Many Black Women of this Fortress

Graça, Mónica and Adwoa, Three Enslaved Women of Portugal’s African Empire

July 2022 9781787386976 192pp, 8pp b&w illus.
Available as an eBook
EU Customers


This book presents rare evidence about the lives of three African women in the sixteenth century—the very period from which we can trace the origins of global empires, slavery, capitalism, modern religious dogma and anti-Black violence. These features of today’s world took shape as Portugal built a global empire on African gold and bodies. Forced labour was essential to the world economy of the Atlantic basin, and afflicted many African women and girls who were enslaved and manumitted, baptised and unconvinced.

While some women liaised with European and mixed-race men along the West African coast, others, ordinary yet bold, pushed back against new forms of captivity, racial capitalism, religious orthodoxy and sexual violence, as if they were already self-governing. Many Black Women of this Fortress lays bare the insurgent ideas and actions of Graça, Mónica and Adwoa, charting how they advocated for themselves and exercised spiritual and female power. Theirs is a collective story, written from obscurity; from the forgotten and overlooked colonial records. By drawing attention to their lives, we dare to grasp the complexities of modernity’s gestation.


‘[A] vivid, dramatic discourse that draws readers into the plots outlining each of [these] three Black female experiences.’ — Bulletin of Spanish Studies

‘This remarkable book recovers from the Portuguese archives the life histories of three women who lived in the fifteenth and sixteenth centuries in present-day Ghana. Konadu, an outstanding historian of his generation, presents a lucid, riveting and transformative portrait of gender and politics in the face of the violence of European empires at the dawn of modernity.’ — Toby Green, Professor of Precolonial and Lusophone African History and Culture, King’s College London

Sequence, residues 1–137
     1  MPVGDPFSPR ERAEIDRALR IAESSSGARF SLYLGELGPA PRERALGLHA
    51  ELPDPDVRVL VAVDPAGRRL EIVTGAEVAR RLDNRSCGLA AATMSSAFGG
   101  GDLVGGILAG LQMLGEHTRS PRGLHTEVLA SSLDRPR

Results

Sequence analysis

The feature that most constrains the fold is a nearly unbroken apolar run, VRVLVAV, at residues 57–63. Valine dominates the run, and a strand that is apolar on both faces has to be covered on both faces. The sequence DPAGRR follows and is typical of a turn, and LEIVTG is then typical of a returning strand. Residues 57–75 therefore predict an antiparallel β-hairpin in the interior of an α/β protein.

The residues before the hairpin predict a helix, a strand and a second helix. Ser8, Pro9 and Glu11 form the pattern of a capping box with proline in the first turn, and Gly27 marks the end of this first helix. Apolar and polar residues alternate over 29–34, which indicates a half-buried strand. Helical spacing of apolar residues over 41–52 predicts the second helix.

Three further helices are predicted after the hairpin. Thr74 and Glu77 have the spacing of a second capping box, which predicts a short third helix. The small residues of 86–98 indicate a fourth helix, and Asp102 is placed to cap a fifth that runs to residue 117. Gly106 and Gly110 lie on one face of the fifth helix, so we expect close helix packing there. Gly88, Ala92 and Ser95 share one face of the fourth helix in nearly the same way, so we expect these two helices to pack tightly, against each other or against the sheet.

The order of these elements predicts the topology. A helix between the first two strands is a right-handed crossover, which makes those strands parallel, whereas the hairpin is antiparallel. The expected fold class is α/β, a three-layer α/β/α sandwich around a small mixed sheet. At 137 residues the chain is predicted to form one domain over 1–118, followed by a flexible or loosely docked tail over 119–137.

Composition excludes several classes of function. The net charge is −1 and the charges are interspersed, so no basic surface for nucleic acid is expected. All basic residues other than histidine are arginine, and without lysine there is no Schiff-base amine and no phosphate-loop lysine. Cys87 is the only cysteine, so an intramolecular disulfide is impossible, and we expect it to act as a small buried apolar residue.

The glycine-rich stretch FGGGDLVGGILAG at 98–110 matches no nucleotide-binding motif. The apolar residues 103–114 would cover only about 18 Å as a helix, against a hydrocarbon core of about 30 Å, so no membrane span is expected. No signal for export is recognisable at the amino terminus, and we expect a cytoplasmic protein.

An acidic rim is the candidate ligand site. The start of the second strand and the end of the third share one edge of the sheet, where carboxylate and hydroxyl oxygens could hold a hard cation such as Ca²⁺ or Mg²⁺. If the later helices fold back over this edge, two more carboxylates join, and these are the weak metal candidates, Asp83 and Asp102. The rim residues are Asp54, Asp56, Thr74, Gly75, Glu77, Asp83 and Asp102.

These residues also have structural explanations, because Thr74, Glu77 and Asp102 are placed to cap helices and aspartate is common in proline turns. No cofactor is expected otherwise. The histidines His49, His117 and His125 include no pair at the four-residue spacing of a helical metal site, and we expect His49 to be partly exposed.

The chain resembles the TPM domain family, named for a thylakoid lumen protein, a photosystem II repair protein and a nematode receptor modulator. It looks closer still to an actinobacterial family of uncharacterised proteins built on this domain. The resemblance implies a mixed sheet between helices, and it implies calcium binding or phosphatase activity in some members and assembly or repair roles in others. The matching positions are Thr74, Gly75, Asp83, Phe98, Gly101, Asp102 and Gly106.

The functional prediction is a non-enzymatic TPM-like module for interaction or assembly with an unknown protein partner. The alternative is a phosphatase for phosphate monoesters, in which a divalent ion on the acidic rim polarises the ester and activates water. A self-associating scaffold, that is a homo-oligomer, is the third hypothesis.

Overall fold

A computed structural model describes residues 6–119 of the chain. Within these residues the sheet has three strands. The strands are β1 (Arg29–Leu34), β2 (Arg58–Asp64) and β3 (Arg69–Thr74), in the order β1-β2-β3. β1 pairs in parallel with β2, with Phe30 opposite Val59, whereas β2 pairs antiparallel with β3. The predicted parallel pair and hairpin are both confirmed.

‘A fascinating picture of the entangled early modern world. Using the rich archival material found in inquisition records, this book provides an important new window onto the daily lives of three Black women in sixteenth-century coastal West Africa, and in Europe.’ — Bronwen Everill, Lecturer in History, University of Cambridge

‘A refreshing, remarkable excavation of the kind of life stories typically lost to history. Methodologically creative and bold in reach, this is a book that forces us to rethink both what we know and what we are able to know.’ — Paddy Docherty, author of Blood and Bronze


Kwasi Konadu is John D. and Catherine T. MacArthur Endowed Chair and Professor at Colgate University, teaching worldwide African histories and cultures. He is the author of Our Own Way in This Part of the World: Biography of an African Community, Culture, and Nation; and co-editor of The Ghana Reader.

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